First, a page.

Publication details.

Paper

Year:2014
Author(s):E.T. Apostolaki, S. Vizzini, I.E. Hendriks, Y.S. Olsen
Title:Seagrass ecosystem response to long-term high CO2 in a Mediterranean volcanic vent
Journal:MARINE ENVIRONMENTAL RESEARCH
ISSN:0141-1136
JCR Impact Factor:2.762
Volume:99
Pages:9-15
D.O.I.:10.1016/j.marenvres.2014.05.008
Web:http://www.scopus.com/inward/record.url?eid=2-s2.0-84904876164&partnerID=40&md5=87fa7046b081e119d03d0e2af8544ffb
Abstract:We examined the long-term effect of naturally acidified water on a Cymodocea nodosa meadow growing at a shallow volcanic CO2 vent in Vulcano Island (Italy). Seagrass and adjacent unvegetated habitats growing at a low pH station (pH = 7.65 ± 0.02) were compared with corresponding habitats at a control station (pH = 8.01 ± 0.01). Density and biomass showed a clear decreasing trend at the low pH station and the below- to above-ground biomass ratio was more than 10 times lower compared to the control. C content and δ13C of leaves and epiphytes were significantly lower at the low pH station. Photosynthetic activity of C. nodosa was stimulated by low pH as seen by the significant increase in Chla content of leaves, maximum electron transport rate and compensation irradiance. Seagrass community metabolism was intense at the low pH station, with significantly higher net community production, respiration and gross primary production than the control community, whereas metabolism of the unvegetated community did not differ between stations. Productivity was promoted by the low pH, but this was not translated into biomass, probably due to nutrient limitation, grazing or poor environmental conditions. The results indicate that seagrass response in naturally acidified conditions is dependable upon species and geochemical characteristics of the site and highlight the need for a better understanding of complex interactions in these environments. © 2014 Elsevier Ltd.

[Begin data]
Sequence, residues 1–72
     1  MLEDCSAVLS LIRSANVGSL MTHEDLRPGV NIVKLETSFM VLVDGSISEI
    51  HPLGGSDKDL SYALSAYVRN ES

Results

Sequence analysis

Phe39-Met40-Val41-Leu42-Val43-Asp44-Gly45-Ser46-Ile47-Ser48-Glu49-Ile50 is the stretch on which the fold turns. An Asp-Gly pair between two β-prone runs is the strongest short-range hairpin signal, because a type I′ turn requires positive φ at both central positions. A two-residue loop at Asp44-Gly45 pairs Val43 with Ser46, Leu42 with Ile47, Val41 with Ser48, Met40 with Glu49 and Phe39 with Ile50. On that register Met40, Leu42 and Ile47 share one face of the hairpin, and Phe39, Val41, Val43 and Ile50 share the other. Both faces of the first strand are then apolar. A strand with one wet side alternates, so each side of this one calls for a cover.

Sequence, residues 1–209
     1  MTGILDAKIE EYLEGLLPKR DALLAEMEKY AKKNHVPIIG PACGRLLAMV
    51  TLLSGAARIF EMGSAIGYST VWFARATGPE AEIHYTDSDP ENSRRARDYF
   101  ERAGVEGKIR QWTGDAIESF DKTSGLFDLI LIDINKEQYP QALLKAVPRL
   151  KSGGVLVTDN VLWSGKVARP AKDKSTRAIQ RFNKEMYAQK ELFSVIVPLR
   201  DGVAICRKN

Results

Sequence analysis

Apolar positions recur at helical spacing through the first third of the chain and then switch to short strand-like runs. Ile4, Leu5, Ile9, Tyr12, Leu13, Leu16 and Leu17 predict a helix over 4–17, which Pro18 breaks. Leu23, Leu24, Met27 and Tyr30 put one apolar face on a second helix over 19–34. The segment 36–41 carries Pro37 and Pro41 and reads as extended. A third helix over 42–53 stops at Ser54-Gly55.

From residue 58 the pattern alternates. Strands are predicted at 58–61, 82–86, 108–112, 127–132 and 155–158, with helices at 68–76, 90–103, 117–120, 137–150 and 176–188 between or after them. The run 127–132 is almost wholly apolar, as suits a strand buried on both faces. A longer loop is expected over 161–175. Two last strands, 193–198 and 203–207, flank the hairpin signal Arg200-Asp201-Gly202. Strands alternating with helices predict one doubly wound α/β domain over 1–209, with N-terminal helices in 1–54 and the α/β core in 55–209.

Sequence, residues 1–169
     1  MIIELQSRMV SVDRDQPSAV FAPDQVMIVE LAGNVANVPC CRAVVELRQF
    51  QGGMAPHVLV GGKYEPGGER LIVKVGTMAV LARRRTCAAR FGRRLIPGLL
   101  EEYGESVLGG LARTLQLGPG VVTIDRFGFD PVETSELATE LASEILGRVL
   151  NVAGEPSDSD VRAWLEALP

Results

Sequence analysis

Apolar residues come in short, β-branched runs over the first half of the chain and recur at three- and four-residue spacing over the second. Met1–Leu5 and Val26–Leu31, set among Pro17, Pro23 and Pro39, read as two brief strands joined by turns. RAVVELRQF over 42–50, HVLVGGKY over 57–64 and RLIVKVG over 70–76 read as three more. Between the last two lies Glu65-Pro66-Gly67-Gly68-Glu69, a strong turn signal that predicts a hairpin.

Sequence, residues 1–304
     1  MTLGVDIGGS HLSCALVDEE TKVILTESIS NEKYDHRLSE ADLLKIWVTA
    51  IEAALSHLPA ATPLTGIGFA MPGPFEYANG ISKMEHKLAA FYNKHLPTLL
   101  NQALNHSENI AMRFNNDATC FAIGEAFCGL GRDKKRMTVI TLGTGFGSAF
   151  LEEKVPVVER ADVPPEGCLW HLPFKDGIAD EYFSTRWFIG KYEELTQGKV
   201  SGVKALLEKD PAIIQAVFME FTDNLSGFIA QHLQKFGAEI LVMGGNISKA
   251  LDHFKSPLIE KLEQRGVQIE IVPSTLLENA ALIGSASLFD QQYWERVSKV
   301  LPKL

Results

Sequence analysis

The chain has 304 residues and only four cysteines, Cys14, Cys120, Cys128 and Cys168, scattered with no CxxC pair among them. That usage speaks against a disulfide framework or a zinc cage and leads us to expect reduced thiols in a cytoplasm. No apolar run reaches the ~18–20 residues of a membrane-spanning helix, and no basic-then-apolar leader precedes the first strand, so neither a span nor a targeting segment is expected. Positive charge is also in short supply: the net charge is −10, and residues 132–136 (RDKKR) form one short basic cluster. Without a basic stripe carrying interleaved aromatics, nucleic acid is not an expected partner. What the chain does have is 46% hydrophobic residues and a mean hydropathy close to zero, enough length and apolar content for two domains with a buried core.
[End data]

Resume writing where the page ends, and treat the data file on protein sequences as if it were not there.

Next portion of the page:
Related staff

  • Iris Eline Hendriks
  • Related research groups

  • Global Change Research